May 23, 2000
Are you confused by all this "inner join" style syntax that is becoming more and more prominent lately?
It's happening because Microsoft is moving towards using ANSI syntax. The old syntax still works, but it is strongly recommended you learn the new syntax, Microsoft have stated that they will not support the old syntax indefinitely.
It's fairly easy to translate from the old to the new syntax, and correctly translated results will usually produce identical results, but there are exceptions that you should be aware of.
Inner or natural joins
Inner joins return rows where data matching exists in the tables you are joining. This is the simplest type of join, and moving between the old and new syntax should present no problems. In general, this:
Is equivalent to this:
Note that the components of the
Incidentally, what the query above does is to display table names and index names in the current database where the table has a Clustered Index. The sysindexes.indid column is always set to one for clustered indexes.
I will use similar examples later on, and if you are not too clear on these system tables, then now would be a good time for you to review the documentation on sysobjects and sysindexes in Books Online.
Update and Delete
These statements also support the ANSI join syntax, although it's not very well documented in Books Online for some versions of SQL Server
When two tables are joined with an inner join, data will only be returned if matching data exists in both tables. An outer join is like saying "and also include the rows from one table if there are no matching rows in the other one."
With an outer join the columns from the table where data is "missing" are returned as NULL values.
Outer joins come in two basic flavours, called Left and Right. Left outer joins mean that the data must be contained in the table defined to the left side of the equivalence, but not necessarily the right hand side. Right outer joins, of course, work the other way around.
To illustrate this, cut and paste the code below into a Query Analyser window and try running it. I have used the newer ANSI syntax here, and the older equivalents are included but commented out using the "--" comment notation. Comment them back in if you want to try them.
Outer Join Gotchas
Unlike natural joins, outer joins have a few traps you can fall into if you translate your query from the old syntax to the new and expect it to produce the same results in both formats.
Returning to our sysobjects and sysindexes examples, the following two queries should produce the same results
However, if we qualify the select criteria on sysindexes as follows, in order to look for details on clustered indexes, the two queries should return different results.
The reason this happens is that the SQL Server reacts differently to the "Where" clause when the outer joined table does not have any data.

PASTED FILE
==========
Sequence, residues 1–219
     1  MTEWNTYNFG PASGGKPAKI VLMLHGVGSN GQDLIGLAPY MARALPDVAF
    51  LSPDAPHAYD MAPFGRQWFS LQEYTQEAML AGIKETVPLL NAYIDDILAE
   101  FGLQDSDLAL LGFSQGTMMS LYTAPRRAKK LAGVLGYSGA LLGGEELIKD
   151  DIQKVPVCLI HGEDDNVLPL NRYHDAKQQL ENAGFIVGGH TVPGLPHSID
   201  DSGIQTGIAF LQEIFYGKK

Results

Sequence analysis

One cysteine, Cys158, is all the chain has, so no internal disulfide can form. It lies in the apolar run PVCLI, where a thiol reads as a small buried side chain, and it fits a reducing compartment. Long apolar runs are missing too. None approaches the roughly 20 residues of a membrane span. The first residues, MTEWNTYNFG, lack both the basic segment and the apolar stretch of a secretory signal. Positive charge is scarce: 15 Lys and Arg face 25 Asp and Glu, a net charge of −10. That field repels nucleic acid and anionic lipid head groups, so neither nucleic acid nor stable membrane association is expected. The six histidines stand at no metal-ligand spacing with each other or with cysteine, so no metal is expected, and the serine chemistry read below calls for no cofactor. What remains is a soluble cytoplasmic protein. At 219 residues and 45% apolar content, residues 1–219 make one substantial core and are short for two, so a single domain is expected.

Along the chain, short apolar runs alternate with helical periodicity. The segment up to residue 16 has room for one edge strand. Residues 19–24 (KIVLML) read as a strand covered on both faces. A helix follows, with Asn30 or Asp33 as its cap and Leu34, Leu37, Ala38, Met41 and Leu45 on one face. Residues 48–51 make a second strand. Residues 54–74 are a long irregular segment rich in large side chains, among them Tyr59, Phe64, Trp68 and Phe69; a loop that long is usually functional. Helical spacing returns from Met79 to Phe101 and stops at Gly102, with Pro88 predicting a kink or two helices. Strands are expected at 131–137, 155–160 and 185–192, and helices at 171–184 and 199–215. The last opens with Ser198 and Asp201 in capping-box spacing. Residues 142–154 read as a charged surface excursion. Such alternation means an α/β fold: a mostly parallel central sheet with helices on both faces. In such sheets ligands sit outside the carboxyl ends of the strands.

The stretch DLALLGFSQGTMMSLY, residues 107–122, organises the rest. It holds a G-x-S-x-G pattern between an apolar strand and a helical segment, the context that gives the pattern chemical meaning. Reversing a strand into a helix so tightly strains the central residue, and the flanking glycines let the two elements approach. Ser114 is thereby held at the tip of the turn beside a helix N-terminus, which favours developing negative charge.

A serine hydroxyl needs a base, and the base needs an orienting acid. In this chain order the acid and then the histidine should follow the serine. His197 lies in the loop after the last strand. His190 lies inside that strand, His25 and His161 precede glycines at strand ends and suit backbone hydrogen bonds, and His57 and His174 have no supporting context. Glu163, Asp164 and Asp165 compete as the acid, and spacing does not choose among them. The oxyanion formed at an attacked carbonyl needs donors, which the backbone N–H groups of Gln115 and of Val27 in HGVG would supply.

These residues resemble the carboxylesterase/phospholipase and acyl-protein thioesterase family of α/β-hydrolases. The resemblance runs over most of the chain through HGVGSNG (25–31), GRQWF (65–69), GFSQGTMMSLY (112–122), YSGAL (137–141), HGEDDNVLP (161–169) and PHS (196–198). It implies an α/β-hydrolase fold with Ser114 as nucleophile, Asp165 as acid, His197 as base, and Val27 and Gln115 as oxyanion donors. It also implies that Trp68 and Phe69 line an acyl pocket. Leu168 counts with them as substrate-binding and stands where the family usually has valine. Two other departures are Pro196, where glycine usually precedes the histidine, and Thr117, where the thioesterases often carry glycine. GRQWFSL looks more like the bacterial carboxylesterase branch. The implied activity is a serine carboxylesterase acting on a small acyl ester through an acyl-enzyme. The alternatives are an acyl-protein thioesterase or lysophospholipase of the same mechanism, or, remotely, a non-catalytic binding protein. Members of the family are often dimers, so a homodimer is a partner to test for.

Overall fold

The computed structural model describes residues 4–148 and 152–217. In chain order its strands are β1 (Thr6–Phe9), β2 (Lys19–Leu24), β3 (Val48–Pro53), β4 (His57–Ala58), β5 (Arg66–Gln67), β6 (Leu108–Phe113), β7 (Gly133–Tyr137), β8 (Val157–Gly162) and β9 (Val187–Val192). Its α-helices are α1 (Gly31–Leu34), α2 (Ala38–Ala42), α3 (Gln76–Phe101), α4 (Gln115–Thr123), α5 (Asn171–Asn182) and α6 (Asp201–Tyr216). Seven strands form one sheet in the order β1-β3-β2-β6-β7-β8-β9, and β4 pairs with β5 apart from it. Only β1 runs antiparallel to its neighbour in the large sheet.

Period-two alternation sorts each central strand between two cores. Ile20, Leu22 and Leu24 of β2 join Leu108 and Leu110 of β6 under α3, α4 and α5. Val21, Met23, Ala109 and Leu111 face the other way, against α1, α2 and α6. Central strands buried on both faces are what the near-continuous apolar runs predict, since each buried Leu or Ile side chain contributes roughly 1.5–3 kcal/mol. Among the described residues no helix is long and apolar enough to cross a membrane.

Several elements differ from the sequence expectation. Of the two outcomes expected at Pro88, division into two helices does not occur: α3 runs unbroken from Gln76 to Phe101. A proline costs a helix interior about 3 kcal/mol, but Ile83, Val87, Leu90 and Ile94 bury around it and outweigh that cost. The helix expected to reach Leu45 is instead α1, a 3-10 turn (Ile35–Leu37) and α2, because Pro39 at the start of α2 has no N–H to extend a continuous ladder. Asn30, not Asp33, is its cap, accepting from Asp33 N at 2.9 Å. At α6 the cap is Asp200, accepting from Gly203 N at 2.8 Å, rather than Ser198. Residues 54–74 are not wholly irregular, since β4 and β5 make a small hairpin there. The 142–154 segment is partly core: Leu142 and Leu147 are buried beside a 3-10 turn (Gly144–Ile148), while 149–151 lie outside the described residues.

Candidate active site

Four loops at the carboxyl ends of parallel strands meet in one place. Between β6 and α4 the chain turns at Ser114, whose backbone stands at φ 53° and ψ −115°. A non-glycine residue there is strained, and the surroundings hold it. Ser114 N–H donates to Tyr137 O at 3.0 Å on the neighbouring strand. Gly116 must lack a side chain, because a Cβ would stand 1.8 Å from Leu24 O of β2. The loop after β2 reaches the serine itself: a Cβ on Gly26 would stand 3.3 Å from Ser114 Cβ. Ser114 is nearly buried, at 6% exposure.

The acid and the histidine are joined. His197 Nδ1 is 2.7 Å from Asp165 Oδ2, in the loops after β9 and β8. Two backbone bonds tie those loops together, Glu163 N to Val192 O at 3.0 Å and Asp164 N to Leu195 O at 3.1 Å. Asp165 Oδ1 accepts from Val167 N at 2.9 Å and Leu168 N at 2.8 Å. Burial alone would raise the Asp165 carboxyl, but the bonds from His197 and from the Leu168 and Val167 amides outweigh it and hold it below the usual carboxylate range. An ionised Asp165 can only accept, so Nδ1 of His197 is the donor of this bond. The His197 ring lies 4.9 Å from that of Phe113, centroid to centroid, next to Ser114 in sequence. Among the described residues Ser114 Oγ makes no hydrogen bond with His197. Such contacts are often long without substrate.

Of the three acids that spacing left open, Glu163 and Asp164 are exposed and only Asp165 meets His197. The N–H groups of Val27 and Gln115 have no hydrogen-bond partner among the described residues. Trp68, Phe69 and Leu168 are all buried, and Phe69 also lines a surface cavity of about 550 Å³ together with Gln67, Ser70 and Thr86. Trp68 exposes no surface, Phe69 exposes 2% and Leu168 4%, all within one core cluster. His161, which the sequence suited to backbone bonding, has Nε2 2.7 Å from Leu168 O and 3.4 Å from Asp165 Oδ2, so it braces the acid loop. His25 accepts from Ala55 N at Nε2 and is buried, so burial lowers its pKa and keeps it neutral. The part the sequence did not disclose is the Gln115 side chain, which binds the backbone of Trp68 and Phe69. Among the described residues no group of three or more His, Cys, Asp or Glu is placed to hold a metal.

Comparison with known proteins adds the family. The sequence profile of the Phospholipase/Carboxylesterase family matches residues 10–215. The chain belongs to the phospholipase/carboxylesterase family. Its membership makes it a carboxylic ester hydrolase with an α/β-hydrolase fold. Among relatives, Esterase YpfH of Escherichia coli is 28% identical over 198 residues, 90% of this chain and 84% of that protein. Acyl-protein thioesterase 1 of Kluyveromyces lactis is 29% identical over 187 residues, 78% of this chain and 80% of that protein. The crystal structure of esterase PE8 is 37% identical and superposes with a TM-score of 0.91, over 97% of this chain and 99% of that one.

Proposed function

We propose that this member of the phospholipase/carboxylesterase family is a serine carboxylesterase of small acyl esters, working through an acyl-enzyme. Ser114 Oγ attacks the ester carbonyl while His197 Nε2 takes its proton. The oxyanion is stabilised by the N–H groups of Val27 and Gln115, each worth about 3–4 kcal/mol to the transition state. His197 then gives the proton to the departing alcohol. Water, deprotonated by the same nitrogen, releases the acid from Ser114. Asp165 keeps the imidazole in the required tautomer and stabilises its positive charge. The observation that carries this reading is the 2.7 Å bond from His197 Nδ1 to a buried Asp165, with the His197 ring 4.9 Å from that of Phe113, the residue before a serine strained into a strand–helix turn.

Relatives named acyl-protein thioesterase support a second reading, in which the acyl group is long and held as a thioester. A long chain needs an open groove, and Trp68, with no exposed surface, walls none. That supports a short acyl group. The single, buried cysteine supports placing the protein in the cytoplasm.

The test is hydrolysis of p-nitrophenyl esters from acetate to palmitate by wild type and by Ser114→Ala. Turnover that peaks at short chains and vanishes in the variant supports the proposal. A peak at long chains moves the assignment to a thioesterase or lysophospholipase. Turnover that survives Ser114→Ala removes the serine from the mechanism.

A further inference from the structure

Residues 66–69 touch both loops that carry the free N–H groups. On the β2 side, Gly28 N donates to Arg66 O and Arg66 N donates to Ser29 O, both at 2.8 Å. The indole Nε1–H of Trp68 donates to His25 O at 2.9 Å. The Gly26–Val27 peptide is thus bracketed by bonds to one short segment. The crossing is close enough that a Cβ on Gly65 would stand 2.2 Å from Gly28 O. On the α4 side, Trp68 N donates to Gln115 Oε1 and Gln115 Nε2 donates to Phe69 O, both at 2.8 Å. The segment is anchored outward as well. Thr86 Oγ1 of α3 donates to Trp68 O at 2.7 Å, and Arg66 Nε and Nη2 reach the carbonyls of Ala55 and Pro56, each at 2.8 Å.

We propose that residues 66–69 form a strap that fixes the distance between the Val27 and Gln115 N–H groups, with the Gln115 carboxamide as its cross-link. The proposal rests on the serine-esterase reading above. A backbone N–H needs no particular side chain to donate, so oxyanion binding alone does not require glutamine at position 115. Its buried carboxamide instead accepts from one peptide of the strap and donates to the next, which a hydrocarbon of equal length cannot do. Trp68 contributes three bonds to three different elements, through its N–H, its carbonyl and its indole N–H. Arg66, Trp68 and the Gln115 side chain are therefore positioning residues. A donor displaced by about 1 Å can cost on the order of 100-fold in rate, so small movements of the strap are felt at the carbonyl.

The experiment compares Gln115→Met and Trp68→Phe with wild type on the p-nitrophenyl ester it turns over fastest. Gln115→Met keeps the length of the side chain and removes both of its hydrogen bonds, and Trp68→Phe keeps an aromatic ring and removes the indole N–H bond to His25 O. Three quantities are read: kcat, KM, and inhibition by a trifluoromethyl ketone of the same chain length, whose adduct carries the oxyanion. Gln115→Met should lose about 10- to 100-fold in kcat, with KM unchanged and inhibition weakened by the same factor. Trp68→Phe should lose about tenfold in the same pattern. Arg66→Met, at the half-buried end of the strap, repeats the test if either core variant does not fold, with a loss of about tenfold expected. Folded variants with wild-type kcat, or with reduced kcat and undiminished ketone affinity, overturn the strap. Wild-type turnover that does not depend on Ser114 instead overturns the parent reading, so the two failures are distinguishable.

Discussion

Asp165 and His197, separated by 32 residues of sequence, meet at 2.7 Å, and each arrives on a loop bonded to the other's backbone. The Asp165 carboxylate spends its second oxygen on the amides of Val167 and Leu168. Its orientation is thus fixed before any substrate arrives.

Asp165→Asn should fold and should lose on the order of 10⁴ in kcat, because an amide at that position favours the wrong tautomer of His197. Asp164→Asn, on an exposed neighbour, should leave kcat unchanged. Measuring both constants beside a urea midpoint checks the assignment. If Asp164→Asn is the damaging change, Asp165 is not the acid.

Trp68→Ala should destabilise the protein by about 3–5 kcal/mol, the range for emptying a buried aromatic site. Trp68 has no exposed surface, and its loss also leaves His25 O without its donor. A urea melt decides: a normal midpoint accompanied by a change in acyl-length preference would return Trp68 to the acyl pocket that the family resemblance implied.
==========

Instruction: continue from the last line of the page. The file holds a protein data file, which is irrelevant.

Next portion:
When no data is found in the sysindexes table that matches the
Full outer joins
Full outer joins effectively combine the left and right outer joins so that data will be returned if it matches in both tables, or if it exist in either one.
The old join syntax has no direct equivalent of the full outer join.
Try out the SQL below to illustrate the full outer join.
Cross Joins create a Cartesian Product, rather like when you forget to include a "where" clause to join two tables. There are not many cases where you would want to use a cross join, but this article discusses one possible use for them.
Prior to ANSI SQL, if you wanted to find records in one table that did not match a record in another, the recommended solution was to use a "NOT IN" or "NOT EXISTS" based query. It is now recommended that you use outer joins instead. Here is a simple example using all three possibilities-they should all produce the same results:
Beware of falling into the trap we discussed earlier. Looking at our previous "Clustered Index" example, either of these two following old-style queries would produce a list of system tables that do not have clustered indices:
Here is a simple translation of the above queries into the new "left outer join" style. Try it out and see what happens.
No rows are returned.
The query now fails because the
To get around this, the following example uses a "derived
query" which forces a select on sysindexes to return a subset of rows with
In effect, the derived query--
creates a notional table called "i", which contains a copy of all the sysindexes rows with an indid of 1. It is this notional table that is then fed to the rest of the query. The final results should now match the NOT EXISTS and NOT IN examples shown above.
About the author
Neil Boyle is an independant SQL Server consultant working out of London, England. Neil's free SQL Server guide is available on-line at http://www.impetus-sql.co.uk.